John McIntyre, whom James Wolcott calls "the Dave Brubeck of the art and craft of copy editing," writes on language, editing, journalism, and other manifestations of human frailty. Comments welcome. Identifying his errors relieves him of the burden of omniscience. Write to jemcintyre@gmail.com, befriend at Facebook, or follow at Twitter: @johnemcintyre. Back 2009-2012 at the original site, http://weblogs.baltimoresun.com/news/mcintyre/blog/ and now at www.baltimoresun.com/news/language-blog/.

Sunday, February 28, 2010

Directing your attention elsewhere

If you found snowpocalypse, smowmageddon, and other neologisms more tiresome even than the recent winter storms, take heart from Bryan Garner’s “On Language” column in The New York Times. Such portmanteau words come into the language frequently. Some stick, but many don’t. Spring is near, and by then there will be other linguistic excesses to annoy you. (Just turn on local TV news.)

By coincidence, the Dallas Morning News has just run a feature on Mr. Garner, the Reasonable Prescriptivist, whose work has frequently been praised in these quarters. (Take that, AP Stylebook; I’ll split a verb phrase whenever I damn please.)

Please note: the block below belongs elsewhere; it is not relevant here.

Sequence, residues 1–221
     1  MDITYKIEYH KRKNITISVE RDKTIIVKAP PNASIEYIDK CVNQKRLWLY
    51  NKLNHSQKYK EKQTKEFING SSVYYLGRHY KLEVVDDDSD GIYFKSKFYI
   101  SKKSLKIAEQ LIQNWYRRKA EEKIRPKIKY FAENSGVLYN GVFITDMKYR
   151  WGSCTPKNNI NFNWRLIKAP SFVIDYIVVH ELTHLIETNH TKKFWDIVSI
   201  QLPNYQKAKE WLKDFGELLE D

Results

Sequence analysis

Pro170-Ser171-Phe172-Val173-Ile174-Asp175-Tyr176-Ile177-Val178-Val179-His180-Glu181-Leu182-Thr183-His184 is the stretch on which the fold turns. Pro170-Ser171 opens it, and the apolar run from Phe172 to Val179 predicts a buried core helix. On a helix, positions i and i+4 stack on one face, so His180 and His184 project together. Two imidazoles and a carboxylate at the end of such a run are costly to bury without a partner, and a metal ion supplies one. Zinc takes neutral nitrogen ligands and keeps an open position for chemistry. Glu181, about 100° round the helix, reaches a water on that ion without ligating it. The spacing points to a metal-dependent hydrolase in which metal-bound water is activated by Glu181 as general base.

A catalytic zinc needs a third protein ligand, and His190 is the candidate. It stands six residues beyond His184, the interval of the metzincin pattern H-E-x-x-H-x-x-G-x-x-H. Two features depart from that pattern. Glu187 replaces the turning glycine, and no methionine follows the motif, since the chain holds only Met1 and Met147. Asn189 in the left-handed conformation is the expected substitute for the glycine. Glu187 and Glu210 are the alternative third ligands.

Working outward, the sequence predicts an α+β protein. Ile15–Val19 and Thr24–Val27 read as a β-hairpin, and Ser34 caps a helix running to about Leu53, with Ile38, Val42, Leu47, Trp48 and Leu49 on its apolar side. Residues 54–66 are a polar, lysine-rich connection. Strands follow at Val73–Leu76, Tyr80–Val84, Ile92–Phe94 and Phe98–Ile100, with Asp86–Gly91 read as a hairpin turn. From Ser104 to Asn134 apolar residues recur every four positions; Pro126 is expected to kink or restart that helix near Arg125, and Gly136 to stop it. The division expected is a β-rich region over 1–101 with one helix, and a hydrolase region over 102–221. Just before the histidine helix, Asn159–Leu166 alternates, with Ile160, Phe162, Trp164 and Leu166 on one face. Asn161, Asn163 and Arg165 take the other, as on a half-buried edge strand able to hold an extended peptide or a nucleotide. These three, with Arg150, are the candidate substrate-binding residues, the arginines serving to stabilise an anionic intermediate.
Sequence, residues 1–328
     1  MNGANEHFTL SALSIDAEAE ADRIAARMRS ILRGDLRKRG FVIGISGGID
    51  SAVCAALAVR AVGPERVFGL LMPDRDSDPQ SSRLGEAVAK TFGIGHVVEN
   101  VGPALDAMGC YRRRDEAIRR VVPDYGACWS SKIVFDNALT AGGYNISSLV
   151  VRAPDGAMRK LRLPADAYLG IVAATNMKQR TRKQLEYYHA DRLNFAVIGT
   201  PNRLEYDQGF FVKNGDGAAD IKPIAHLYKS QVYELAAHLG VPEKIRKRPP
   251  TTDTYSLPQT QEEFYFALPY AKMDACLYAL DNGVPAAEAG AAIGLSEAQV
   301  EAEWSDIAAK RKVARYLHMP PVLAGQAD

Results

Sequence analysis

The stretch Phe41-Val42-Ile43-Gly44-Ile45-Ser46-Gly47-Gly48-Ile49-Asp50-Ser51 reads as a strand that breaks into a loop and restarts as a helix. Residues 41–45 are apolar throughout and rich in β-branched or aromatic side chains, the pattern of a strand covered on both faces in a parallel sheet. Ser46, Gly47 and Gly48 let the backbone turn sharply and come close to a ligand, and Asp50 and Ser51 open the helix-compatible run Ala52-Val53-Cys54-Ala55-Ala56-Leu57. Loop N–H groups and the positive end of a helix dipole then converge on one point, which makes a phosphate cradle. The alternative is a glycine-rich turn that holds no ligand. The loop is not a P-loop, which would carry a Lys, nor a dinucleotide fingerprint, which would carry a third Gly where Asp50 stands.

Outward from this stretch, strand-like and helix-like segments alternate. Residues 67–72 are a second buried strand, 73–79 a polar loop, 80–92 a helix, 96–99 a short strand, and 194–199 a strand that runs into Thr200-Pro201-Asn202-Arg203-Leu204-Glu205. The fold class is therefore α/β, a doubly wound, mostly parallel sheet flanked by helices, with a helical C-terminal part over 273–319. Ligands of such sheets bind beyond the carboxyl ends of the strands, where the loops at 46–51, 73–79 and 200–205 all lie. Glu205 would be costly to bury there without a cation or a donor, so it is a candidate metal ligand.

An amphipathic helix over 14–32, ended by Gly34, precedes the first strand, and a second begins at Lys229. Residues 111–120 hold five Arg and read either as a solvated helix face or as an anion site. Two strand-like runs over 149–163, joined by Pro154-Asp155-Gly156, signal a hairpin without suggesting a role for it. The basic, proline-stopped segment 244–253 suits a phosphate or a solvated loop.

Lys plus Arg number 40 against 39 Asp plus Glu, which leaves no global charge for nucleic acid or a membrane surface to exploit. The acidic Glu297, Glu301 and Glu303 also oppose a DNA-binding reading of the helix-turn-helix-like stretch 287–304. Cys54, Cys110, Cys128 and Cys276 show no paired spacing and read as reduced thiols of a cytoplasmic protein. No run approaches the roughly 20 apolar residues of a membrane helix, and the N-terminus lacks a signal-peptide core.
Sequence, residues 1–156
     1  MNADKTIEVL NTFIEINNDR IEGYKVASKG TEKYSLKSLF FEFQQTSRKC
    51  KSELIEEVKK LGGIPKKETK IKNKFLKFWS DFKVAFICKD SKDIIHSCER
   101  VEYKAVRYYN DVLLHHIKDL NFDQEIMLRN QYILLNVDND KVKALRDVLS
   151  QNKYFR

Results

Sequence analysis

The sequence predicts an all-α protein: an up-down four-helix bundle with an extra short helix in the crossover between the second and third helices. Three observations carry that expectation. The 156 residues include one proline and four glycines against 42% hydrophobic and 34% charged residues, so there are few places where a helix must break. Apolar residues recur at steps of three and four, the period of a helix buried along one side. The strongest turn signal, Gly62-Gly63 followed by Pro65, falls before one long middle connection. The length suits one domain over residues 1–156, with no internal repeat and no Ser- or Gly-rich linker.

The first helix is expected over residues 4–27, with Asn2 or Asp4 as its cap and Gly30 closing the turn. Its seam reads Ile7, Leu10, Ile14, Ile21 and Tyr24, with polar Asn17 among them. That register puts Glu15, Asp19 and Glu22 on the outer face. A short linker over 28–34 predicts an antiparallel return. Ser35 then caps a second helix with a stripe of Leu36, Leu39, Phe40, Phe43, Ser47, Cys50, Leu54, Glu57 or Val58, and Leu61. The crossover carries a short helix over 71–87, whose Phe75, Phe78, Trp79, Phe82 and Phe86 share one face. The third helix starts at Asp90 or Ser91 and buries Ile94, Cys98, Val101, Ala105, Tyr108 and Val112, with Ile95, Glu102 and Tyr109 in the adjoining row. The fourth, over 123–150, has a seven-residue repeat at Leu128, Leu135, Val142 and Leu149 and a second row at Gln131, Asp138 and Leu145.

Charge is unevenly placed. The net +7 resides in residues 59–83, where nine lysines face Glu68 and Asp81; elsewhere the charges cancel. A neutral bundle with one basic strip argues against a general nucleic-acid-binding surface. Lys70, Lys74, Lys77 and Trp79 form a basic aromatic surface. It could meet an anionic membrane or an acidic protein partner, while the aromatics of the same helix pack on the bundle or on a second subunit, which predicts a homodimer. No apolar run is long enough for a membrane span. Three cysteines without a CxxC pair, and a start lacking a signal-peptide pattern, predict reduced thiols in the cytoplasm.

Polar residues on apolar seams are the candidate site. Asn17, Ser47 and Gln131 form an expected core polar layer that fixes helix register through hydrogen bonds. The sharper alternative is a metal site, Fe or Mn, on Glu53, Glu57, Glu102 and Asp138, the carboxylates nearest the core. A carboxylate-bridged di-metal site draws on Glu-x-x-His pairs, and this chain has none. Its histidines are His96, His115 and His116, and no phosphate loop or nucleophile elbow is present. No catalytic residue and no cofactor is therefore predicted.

Another able writer, Craig Silverman, who maintains the Regret the Error site, has an article in the Columbia Journalism Review on plagiarism and how to forestall it and detect it. Worth keeping a copy on hand.

I am particularly happy to report that, according to Stan Carey, there is no reason for prescriptivists and descriptivists to be at war, since, properly considered, each camp partakes of qualities of the other.

 Today is the last day to take advantage of the early-bird registration for the American Copy Editors Society’s national conference in Philadelphia this April. If you’re serious about editing, you ought to make an effort to be there. And if do, I will be happy to see you there.

National Grammar Day is coming up this week. Check out the Web site, and be sure to check out You Don’t Say on the day itself for the thrilling conclusion to “Pulp Diction,” this year’s grammar noir serial.